•   Iodine, vitamins A,D, & C are needed in especially high quantities.
• The baby adjusts energy intake to growth rate and physical activity. Do
    not force infants to eat.
• **Vitamin K
• Water – breast milk and formulas contain plenty. No need for other fluids
    except during episodes of vomiting and diarrhea.
•   Breast milk – 6 benefits:
    – Easily digested
    – Nutrient rich and adjusts to baby’s needs (if mother practices good
        nutrition). Exception – vitamin D and iron.
    –   Immune factors: colostrum provides antibodies and WBCs.
    –   Promotes growth of beneficial bacteria in intestines
    –   Hormones promote development of digestive tract
    –   Supplements are not necessary except perhaps vitamin D, iron (after 4-
        6 months and fluoride (after 6 months).
•   Breast fed babies
    – May have increased intelligence
    – Are less likely to become obese
•   Breast feeding also benefits the mother, table 13.7




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•   Formulas
    – Derived from cow’s milk that is diluted and fortified.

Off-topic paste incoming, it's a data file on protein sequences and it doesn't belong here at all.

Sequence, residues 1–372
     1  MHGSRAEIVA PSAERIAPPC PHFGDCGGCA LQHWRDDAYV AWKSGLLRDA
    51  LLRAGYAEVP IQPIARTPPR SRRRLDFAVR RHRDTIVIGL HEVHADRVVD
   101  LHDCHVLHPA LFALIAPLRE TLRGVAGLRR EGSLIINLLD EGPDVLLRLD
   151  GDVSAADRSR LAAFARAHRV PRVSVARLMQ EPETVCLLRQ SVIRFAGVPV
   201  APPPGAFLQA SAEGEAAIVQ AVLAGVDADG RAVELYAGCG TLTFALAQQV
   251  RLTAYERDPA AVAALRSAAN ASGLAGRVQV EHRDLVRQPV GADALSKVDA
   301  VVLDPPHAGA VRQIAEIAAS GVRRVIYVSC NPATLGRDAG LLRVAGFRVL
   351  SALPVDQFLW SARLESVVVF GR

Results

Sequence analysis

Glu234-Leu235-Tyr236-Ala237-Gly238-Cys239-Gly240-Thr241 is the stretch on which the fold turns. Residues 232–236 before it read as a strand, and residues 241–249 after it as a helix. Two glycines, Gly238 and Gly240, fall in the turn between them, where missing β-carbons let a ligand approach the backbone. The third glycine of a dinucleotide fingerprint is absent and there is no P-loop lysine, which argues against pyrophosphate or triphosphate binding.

– Plain cow’s milk is not recommended for babies under 1yr; low-fat milk
       only after 2yrs.
    – No human antibodies
•   Formulas cont’d
    – Soy based formulas for premature infants, infants with allergies and
       for vegan families.
    – Advantages: allows for monitoring of intake and developing
       relationships with other family members.
•   Solid foods: after 4-6 months, depending on baby’s development.
    – Fortified cereals; rice first, wheat last.
    – 4-6 months: pureed vegetables and fruits introduced one at a time to
       check for allergies.
    – Ability to chew properly does not develop until 2nd year.
•   Fluids:
    – Increased need with the introduction of solid food.
    – Best - water, 2nd - unsweetened fruit juices offered in a cup not a
       bottle.
    – Common Allergies: wheat, egg whites, soy, peanuts, cow’s milk, citrus
       fruits.
•   1st year
    – Model and teach good eating habits
    – Do not use food as a reward or to stop crying; do not withdraw food as
       punishment.
    – Do not use a bottle as a pacifier – dental problems, p.512.
    – Do not underfeed or overfeed

                          Controversy – Childhood Obesity
• Genetic and environmental (incl. poor nutrition).
• Type 2 diabetes: obesity, increased blood lipids, CVD.
• Obesity: risk increased if parents are obese, high birth weight ?, formula
    fed ?, physical inactivity.
• Other – OYO, pp 514-518